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Majority favors hydraulic fracturing if it is ruled safe

  
  The majority of respondents to this week’s RBJ Daily Report Snap Poll favors use of high-volume hydraulic fracturing in the Marcellus shale, a formation extending deep underground from Ohio and West Virginia into southern New York.

  By 57 percent to 43 percent, readers favor the process, with 31 percent endorsing the condition that the state Department of Environmental Conservation conduct a comprehensive review and analysis to determine its safety.

  The Marcellus shale contains a vast amount of natural gas-by some estimates, more than 516 trillion cubic feet, or roughly 500 times the quantity used in New York annually.

  Advances in gas well development technology have made it possible to tap into this resource, much of which is deeper than 2,000 feet. But the process used to extract the gas at this depth-called high-volume, horizontal hydraulic fracturing-is controversial. Proponents maintain it is safe, while opponents say the risk of contaminating watersheds is high.

  In December, then-Gov. David Paterson issued an executive order directing the DEC to investigate high-volume hydraulic fracturing in the Marcellus shale. Under his order, no horizontal hydraulic fracturing will be permitted until July 1.

  Just 16 percent of Snap Poll respondents say we should prioritize natural gas. The plurality-45 percent-say renewable energy should be the top priority for meeting future U.S. needs.

  More than 825 readers participated in this week’s poll, which was conducted Feb. 28 and March 1.
 
Do you favor use of high-volume hydraulic fracturing in the Marcellus shale?
No: 43%
Yes, if the DEC certifies it is safe. 31%
Yes: 26%

In your view, what energy source should be the top priority for meeting future U.S. needs?
Renewable: 45%
Nuclear: 31%
Natural gas: 16%
Oil: 7%
Coal 1%

COMMENTS:
  I’m in favor of smart fracking of shale rock for natural gas. The industry needs to factor in the cost of cleaning up the water and chemicals used in the extraction and then doing it. A little foresight on the part of business would anticipate and remove the need for government intervention.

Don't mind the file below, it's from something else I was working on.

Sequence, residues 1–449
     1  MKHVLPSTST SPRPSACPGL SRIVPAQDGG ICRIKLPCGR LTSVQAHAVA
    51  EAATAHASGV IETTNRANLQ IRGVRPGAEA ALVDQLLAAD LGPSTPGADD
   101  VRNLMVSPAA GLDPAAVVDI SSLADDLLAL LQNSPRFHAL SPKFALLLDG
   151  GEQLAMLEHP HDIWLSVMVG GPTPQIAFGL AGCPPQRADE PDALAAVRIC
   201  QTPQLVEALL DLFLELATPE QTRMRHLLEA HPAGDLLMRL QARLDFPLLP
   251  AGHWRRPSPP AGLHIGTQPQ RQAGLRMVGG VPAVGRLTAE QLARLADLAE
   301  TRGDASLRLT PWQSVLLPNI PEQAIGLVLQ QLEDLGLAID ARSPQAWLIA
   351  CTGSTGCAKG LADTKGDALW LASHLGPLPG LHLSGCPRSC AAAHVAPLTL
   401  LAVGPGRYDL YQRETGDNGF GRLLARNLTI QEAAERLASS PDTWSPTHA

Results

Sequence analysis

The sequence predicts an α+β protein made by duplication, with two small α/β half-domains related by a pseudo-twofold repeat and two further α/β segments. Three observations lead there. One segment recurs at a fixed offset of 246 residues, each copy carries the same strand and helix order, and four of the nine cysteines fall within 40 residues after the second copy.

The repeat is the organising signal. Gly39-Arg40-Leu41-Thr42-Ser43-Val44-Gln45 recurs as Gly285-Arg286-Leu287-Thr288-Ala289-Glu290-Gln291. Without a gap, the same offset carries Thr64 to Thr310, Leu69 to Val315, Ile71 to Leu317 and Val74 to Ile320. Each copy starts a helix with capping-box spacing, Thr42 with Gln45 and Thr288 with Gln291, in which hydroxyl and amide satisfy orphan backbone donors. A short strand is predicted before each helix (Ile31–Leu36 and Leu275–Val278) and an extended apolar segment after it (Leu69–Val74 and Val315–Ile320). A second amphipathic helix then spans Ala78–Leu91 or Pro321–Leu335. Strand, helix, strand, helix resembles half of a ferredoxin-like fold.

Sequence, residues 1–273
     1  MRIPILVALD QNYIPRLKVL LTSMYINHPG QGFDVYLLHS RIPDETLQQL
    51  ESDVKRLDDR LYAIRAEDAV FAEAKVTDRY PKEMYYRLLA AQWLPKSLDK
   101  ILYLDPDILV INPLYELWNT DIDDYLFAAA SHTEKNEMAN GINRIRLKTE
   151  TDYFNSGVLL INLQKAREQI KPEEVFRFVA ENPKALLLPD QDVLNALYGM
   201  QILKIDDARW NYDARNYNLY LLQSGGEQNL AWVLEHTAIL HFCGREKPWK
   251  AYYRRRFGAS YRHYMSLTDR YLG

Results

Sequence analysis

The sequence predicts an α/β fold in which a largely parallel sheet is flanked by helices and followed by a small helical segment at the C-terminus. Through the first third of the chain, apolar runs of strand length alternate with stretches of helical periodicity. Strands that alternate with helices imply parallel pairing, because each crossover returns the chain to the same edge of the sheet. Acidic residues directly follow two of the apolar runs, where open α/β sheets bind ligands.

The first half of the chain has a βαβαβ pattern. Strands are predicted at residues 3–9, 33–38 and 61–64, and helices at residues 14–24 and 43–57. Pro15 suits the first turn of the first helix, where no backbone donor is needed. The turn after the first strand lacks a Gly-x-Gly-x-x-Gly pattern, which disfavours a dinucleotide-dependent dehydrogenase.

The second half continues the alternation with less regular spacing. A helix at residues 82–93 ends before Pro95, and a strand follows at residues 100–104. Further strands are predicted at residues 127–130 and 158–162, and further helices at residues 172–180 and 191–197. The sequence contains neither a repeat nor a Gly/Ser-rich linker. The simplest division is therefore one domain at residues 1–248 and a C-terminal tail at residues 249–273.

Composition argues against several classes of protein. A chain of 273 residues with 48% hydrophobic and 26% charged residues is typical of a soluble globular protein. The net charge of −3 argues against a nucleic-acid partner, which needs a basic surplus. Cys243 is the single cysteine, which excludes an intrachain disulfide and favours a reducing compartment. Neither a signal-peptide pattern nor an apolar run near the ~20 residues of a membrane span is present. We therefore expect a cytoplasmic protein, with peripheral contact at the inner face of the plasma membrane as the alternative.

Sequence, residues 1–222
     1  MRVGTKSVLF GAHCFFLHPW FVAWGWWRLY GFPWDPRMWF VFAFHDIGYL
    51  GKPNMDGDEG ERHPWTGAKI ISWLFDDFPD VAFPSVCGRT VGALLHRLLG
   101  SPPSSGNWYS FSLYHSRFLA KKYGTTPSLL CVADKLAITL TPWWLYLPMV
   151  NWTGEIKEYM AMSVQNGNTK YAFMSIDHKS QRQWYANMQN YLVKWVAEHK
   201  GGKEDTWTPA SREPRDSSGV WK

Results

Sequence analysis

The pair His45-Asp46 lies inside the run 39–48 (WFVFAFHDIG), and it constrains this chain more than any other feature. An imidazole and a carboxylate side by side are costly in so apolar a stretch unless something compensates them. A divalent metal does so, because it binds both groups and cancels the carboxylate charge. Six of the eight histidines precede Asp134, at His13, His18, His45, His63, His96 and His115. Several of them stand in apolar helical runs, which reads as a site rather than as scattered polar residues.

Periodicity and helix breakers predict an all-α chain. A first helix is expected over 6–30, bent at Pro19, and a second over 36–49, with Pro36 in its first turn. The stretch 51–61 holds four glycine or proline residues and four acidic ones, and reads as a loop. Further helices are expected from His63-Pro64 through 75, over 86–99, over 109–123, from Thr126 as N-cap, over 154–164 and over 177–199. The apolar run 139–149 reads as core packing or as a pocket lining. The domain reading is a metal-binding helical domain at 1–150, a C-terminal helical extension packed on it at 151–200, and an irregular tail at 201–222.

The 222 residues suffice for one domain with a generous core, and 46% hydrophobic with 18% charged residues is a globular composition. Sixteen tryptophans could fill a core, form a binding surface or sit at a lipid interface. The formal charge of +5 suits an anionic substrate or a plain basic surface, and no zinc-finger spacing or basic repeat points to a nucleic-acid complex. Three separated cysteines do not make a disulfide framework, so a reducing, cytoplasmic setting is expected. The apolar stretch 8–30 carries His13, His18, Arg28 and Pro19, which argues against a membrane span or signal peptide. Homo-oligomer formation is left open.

-Charles P. Myers, Copywriter @ Large
 
  The hydrofracking process is destroying the water for many people, particularly those with wells. I believe in commerce, but I see large corporations are running right over the small communities and especially individuals with a lone voice. Stop the process now.
  -R. Phelps, Honeoye Falls
 
  If you are not for natural gas, you really need to review your grip on reality.
  -Wally Carmichael, Greece
 
  This is technology with consequences that could be devastating. The potential downside and its irrevocability far outweigh the benefits at this time. We have a stubborn refusal to support sustainability because it moves control from big corporations to individuals. It is just another get-rich-quick scheme, leaving the potential negative consequences to others and down the road. We have better, safer and more sustainable options.
  -Jeff Schuetz,
Mitchell Pierson Jr. Realtors
 
  Are we really that lazy of a state, or just a stupid one? Let’s get past fossil fuels already and move into the 21st century.
  -Michael Hall
 
  We cannot risk contaminating our valuable water. Water is more and more becoming a precious commodity that we need to protect. Renewable wind and solar are the way to go, with nuclear as a strong second. Look at France: They’ve been on nuclear power generation and it works for them. Why not for the U.S.?
  -Mary Lynn Vickers, owner,
  the Phantom Chef PCS
 
  We need to focus first on efficiency. Hydrofracking is crazy. We cannot risk damaging our groundwater.
  -Kate Kressmann-Kehoe
 
  The DEC doesn’t need to determine the "safety" of fracking; it has already been shown by numerous studies that it isn’t. What would a new study show? That we can waste time and money investigating a well-known issue.
  -Scott Ireland
 
  How can we force the use of natural gas for our power plants and not use all means available to produce the fuel in the USA? I feel a tremendous hypocrisy when we drive around, heat our houses, fight wars over energy and then refuse to supply our own needs. I guess we feel our environment is important but other countries’ environments are not. We most certainly should go for our gas deposits in New York State. By the same logic, I support wind farms in front of my house if they work.
  -Larry Peckham
 
  With agricultural land holdings in Livingston County, much of my family is concerned about hydro-fracking. The thousands of gallons of chemicals that are injected under high pressure are reportedly returning to surface wells in places. The nature of the glacial geology in the Genesee Valley increases the potential for these problems. With the majority of rural homes depending on wells for water, this presents an enormous long-term challenge.
  -William Wadsworth Lloyd, Geneseo

3/4/11 (c) 2011 Rochester Business Journal. To obtain permission to reprint this article, call 585-546-8303 or e-mail rbj@rbj.net.Majority favors hydraulic fracturing if it is ruled safe